I understand the need to blame someone when you may not have done your own homework. While the MLS might make certain statements or claims, it is only an advertisement and nothing more. As such, all claims in the MLS are the responsibility of the BUYER (you) to verify. The reason I say this is because you, as the buyer, received a package from the HOA and/or your title company called "HOA Disclosures". It's called a "disclosure" because the HOA discloses to you all resale and recurring HOA fees, CC&Rs, amendments, etc. The monthly HOA fees would have been disclosed in your HOA Disclosures and you would have had a 5-day opportunity to cancel your contract (barring contract language to the contrary) if you felt the HOA fees were too high.
Unfortunately, by proceeding to close the transaction, you have accepted all disclosures and conditions of the sale. It was not your agent's responsibility to discover this information for you - it was disclosed to you and you simply failed to notice. I'm sorry this happened to you, but honestly it's your own fault. I know this may be a more blunt response than you've received from others, but I think you need to understand your role in all of this and take some ownership.
You would have seen the actual HOA payments for the first month or two which are charged on the buyer's side of the final HUD1 that both parties sign. See sample HUD form attached to this answer. Also, post closing there can be increases or new assessments to the HOA fees as well.
I hope that helps.
"The MLS printout states at the bottom "ALL INFORMATION SHOULD BE VERIFIED BY THE RECIPIENT AND NONE IS GUARANTEED AS ACCURATE BY THE ARMLS"
Did your agent have you sign a BUYER ADVISORY? If so, it clearly states:
"A listing is an agreement between the seller and the listing broker and may authorize the broker to submit information to the MLS. The MLS printout is similar to an advertisement. Neither the listing agreement nor the printout is a part of the purchase contract between the buyer and seller. The information in the MLS printout was probably secured from the seller and could be inaccurate, incomplete or an approximation. Therefore, the BUYER SHOULD VERIFY any important information contained in the MLS"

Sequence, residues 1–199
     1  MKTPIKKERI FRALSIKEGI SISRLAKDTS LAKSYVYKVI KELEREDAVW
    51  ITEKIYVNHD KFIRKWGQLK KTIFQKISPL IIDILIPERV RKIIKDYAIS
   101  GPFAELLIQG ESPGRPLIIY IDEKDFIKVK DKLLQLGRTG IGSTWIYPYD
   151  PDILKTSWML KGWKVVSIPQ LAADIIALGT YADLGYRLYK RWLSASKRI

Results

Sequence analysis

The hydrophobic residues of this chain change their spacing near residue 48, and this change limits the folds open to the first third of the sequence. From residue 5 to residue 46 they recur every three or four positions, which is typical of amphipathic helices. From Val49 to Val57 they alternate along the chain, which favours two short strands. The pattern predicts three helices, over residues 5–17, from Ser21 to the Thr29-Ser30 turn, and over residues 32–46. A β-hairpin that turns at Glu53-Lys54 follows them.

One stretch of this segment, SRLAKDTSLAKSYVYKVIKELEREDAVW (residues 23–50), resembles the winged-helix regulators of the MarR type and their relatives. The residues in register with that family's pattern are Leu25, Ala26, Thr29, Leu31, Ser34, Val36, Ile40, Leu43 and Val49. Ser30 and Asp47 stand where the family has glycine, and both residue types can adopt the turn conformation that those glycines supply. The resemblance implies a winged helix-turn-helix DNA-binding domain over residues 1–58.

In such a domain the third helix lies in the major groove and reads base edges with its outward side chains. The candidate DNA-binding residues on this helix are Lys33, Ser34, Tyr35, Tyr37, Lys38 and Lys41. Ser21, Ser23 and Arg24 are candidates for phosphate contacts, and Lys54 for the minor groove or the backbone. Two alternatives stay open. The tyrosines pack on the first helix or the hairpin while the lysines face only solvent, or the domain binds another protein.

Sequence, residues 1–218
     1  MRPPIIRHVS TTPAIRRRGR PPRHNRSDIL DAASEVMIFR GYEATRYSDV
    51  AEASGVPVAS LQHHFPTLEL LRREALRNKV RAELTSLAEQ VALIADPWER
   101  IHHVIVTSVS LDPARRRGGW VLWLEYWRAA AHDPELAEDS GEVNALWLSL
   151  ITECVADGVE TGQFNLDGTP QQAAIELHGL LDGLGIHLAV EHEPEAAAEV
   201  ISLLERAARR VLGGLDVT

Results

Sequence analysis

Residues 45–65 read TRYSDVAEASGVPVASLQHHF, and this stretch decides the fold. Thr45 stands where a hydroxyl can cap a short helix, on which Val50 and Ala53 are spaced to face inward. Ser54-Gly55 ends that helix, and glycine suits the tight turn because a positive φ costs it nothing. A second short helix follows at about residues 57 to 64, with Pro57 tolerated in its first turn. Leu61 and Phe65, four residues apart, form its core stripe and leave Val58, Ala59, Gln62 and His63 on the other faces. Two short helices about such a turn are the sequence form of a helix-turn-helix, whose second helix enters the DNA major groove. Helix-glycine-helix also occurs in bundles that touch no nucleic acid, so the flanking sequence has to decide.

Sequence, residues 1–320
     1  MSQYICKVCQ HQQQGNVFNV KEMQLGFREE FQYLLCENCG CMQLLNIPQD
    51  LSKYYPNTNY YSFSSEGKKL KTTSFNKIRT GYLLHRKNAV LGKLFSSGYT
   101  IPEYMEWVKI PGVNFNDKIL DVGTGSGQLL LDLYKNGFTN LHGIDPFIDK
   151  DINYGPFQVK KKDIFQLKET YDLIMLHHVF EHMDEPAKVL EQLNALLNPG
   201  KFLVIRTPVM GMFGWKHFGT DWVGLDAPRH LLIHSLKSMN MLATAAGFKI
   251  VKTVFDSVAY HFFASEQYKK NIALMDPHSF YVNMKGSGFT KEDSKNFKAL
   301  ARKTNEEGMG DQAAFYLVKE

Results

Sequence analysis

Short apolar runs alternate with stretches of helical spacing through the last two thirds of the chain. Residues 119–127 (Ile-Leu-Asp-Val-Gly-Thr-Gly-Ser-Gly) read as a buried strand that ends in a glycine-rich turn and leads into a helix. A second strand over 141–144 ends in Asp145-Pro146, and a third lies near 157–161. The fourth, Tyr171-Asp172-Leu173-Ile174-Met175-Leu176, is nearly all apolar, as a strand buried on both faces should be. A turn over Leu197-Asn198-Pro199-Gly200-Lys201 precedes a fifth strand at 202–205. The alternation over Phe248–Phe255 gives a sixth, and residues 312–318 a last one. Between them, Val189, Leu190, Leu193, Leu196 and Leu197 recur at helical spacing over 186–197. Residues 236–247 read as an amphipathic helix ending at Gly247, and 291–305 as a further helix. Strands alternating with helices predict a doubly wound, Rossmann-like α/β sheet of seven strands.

All the best!
HOA have the right to raise their fees. The real question would be was the fee 250 when you moved in or was it lower and then went up after you moved in. If it was higher when you moved in then you may have a disclosure issue with the agent. If it went up after you moved in then that is the risk of having a HOA.
It is up to the buyer to verify the information of the MLS listing as it is not an agreement between buyer and seller but a information service used among members of the MLS.
Regardless of the answer you agreed to pay the HOA fee so that can't be adjusted.
You could go to http://www.azre.gov for the Arizona Department of Real Estate if you feel the need to file a complaint, however, this will not change the HOA fee.
You could also file a complaint through the Arizona Association of REALTORs http://(www.aaronline.com)
Bottom line question would be is this a disclosure issue or a due diligence issue. More than likely a little of both.
Your buyers advisory and tye HOA addendum provide you information about the buyer verifying the amounts of HOA fees and to read, agree to the HOA regulations. HOA fees do change regularly and they usually go up.
You have to sign that you have read and agree to the HOA regulations for the home to close. This should be done during your inspection period.
Talk to you Realtor who is the most familiar with your closing.
May I wish you the best.
It is the seller that has to disclose. And it is your job to find out prior to purchase.
Unlike IL we don't have attorney reviews.. but you will see it in your title work.
If you bought through an licensed agent you will need to chat with his/her broker first.